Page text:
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Eighth Grade R

Based on the most awkward year of your life
Eighth Grade
58K ratings
Price: $19
List Price: $19.98
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Format:  DVD
sku:  6RAWJ
Brand New

DVD Features:

  • Rated: R
  • Run Time: 1 hours, 34 minutes
  • Video: Color
  • Released: October 9, 2018
  • Originally Released: 2018
  • Label: Lions Gate
  • Encoding: Region 1 (USA & Canada)

Performers, Cast and Crew:

Starring &
Directed by
Screenwriting by
Composition by

Entertainment Reviews:

Certified Fresh99%

Total Count: 294


User Ratings: 4,531
Rating: 5/5 -- Though the cast is young; being made up of mostly teenagers; they are well versed and trained and Burnham elicits terrific performances from then all. Full Review
Jul 12, 2019
Rating: 4/5 -- Eighth Grade reminds us that teenage girls and Kayla's story are valid, and we should all listen a little more closely. Full Review
Metro (UK)
Sep 11, 2019
Rating: 5/5 -- Eighth Grade is also deeply sweet in unexpected places and howlingly funny, attuned to the timeless indignities of any adolescence. Full Review
Financial Times
Apr 24, 2019
Ms. Fisher -- only 14 when the movie was shot -- complements with a performance that’s so visceral and unforced that you might find yourself transported back in time...
New York Times
Jul 11, 2018
Such honesty in presenting a teenage girl makes writer/director Bo Burnham's movie a superior coming-of-age story. Full Review
Creative Screenwriting
Oct 17, 2019
Rating: 5/5 -- Eighth Grade is a masterpiece. Full Review
London Evening Standard
Apr 28, 2019
5 stars out of 5 -- Bo Burnham’s authentic, warm and compassionate study of the struggle to connect and the human condition is utterly universal and a joy for any viewer, regardless of gender or graduation date.
Total Film
Mar 22, 2019

Product Description:

In his feature film directorial debut, comedian Bo Burnham deftly encapsulates the awkwardness, angst, self-loathing and reinvention that a teenage girl goes through on the cusp of high school. Given that the 27-year-old stand-up comic achieved fame as a teenager himself through YouTube by riffing on his insecurities, he is uniquely capable as the film's writer and director to tell the story of Kayla, an anxious girl navigating the final days of her eighth grade year, despite creating a protagonist w female instead of male.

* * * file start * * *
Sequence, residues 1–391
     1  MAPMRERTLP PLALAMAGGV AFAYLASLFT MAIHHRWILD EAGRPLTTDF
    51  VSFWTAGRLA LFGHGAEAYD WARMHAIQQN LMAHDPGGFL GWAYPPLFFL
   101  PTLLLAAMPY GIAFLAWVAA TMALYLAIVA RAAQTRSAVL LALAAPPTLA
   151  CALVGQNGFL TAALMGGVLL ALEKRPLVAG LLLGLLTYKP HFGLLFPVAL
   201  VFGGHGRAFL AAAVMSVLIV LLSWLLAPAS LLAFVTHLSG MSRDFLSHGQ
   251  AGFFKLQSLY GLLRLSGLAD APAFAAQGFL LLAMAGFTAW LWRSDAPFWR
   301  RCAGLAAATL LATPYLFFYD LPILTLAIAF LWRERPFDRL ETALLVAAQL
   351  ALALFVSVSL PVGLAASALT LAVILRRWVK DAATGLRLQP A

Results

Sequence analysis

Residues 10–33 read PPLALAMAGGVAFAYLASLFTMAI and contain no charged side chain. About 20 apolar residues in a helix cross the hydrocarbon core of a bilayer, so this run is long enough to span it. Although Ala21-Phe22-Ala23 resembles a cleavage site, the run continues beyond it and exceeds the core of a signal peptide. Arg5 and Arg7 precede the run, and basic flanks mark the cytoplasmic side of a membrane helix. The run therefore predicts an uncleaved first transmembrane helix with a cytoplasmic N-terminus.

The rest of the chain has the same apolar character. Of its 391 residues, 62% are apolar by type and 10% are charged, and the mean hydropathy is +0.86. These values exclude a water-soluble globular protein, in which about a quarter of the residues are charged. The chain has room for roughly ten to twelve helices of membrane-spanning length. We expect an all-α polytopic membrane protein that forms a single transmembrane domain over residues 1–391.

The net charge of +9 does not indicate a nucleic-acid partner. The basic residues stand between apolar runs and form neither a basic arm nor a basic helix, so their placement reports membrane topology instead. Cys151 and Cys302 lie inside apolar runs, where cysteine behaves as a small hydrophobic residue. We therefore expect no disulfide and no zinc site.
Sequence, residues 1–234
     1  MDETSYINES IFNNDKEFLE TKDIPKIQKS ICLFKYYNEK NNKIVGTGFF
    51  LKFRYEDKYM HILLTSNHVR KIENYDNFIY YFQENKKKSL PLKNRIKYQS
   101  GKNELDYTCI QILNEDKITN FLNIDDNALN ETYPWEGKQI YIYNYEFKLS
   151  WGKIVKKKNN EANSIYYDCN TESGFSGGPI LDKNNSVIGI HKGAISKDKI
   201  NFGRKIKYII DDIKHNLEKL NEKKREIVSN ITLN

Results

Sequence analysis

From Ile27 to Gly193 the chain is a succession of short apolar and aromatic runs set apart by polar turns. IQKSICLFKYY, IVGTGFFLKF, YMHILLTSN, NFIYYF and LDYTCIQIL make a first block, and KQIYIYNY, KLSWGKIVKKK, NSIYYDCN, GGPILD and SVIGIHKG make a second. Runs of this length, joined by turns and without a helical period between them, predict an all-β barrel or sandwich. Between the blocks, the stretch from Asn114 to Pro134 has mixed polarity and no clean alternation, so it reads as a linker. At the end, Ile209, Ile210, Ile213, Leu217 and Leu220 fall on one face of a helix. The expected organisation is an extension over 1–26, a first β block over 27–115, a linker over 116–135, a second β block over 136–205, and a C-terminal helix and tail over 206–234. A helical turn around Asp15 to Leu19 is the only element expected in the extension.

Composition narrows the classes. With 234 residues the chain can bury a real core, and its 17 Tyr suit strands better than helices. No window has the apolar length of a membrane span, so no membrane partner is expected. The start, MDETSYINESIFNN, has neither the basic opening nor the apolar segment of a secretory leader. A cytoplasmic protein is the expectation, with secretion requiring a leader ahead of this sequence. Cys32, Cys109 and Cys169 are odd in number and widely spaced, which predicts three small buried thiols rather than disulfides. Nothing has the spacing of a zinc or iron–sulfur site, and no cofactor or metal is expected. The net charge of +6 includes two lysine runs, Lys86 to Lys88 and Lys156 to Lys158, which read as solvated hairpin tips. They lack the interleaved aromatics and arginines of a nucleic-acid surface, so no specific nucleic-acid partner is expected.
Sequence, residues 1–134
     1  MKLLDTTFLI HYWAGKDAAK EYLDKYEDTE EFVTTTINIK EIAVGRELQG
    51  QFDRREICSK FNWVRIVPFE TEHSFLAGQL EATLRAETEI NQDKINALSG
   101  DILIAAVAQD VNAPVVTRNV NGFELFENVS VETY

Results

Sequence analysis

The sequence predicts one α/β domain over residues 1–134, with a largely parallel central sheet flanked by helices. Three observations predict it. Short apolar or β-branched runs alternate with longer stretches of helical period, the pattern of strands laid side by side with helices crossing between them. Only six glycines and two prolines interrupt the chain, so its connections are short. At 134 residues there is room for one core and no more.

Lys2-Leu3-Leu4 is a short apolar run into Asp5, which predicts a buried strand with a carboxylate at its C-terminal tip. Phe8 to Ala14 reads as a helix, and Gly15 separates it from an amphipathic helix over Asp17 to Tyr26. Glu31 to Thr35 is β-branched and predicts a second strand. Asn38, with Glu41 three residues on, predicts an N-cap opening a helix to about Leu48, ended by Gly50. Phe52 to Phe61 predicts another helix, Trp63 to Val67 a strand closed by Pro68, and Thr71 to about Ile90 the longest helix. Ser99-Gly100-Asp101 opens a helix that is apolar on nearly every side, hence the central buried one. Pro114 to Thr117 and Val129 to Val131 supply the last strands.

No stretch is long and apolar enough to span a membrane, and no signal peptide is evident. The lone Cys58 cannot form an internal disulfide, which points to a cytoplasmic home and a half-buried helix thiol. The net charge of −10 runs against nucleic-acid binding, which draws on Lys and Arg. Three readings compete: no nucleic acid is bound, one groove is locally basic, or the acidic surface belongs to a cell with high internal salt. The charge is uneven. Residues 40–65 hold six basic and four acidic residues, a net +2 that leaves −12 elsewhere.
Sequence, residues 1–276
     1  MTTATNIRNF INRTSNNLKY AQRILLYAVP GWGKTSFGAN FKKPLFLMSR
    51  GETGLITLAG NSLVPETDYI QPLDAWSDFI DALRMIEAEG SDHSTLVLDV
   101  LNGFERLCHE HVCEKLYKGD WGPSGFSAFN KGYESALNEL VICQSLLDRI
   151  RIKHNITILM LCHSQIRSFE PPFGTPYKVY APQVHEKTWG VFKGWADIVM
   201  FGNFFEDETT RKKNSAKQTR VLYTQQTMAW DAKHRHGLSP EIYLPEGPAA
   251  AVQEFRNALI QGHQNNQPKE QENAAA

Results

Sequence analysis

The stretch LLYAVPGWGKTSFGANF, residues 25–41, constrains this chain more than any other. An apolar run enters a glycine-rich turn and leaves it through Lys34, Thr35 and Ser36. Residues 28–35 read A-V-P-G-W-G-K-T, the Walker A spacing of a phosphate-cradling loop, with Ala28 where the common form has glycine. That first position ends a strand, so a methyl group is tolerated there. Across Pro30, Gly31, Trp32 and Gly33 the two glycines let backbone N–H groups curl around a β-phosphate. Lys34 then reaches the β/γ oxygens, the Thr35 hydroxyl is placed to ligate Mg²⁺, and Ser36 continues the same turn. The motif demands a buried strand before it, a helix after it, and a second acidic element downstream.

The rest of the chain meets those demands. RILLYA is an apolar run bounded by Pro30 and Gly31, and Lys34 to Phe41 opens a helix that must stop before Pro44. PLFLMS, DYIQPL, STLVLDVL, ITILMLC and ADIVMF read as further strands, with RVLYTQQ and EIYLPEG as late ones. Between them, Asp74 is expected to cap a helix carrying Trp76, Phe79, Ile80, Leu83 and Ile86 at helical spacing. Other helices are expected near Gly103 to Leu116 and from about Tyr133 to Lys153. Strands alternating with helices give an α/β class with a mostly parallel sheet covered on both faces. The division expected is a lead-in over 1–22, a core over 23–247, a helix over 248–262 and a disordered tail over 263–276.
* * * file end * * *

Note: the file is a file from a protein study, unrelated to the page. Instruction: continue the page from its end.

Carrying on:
Like Burnham did more than a decade ago, 13-year-old Kayla turns to YouTube to express herself, where she makes advice vlogs in which she pretends to have it all together. In reality, Kayla is sullen and silent around her single father and her peers at school, carrying out most of her interactions with her classmates on Instagram and Twitter. Her YouTube videos are a clever narrative tool that provide insight into her inner hopes and dreams, much like an aspirational online diary.

One of EIGHTH GRADE's biggest triumphs is in its realism. Played with charm and delightful nuance by Elsie Fisher, Kayla doesn't speak a single line that isn't peppered with "umm," "like" or "whatever." Her posture and gestures communicate how uncomfortable she is in her own skin. She has acne that she hides under makeup and Snapchat filters. Her attempts at depth in her videos are adorably off the mark, such as her advice that, "The hard part of being yourself is that it's not easy."

Burnham's attention to detail helps weave a 2018-specific yet universally relatable image of teendom. Kayla stays up late scrolling through Buzzfeed quizzes and slime videos, has a HAMILTON calendar and Justin Bieber poster on her wall, and signs off her videos with the slang term "gucci." Her middle school sex ed video includes an actress saying learning about puberty is "gonna be lit." The reference might be of the now, but the feeling it conveys, of adults awkwardly appropriating slang for their own agenda, resonates no matter what era in which you came of age.

EIGHTH GRADE's unique skillfulness in communicating Kayla's inner life is often thanks to the film's sound and music teams. The three beeps of a Mac laptop's Photobooth application precede each of Kayla's vlog monologues. Enya's "Sail Away" provides a poignant soundtrack to Kayla escaping into the online world on her phone late at night. The score swelling to dramatic highs then abruptly stopping creates many of the film's laugh-out-loud moments and mirrors the emotional rollercoaster that is puberty. When Kayla attends a pool party, she pauses just inside a sliding glass door, nervously watching the scene outside while a Jaws-like theme plays. She finally reaches for the handle and the music cuts out right as the door sticks, ruining her cinematic act of bravery.

At one point, Kayla gets the chance to hang out with some high school kids at the mall, and one of them comments that kids Kayla's age are "wired differently" because they began interacting with social media at such a young age. However, while Kayla does spend a majority of the film in the glow of her iPhone screen, EIGHTH GRADE illustrates that as much as things are different for the current tech-emersed generation of children, their emotional evolution remains the same. Kayla must still navigate judgmental queen bees, predatory popular boys, clueless teachers, and overprotective parents on her way to coming into her own. For anyone who's ever been an eighth grader, Kayla's quiet journey of self-discovery and self-acceptance is encouraging and edifying.


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Product Info

  • Sales Rank: 81,606
  • UPC: 031398292487
  • Shipping Weight: 0.22/lbs (approx)
  • International Shipping: 1 item

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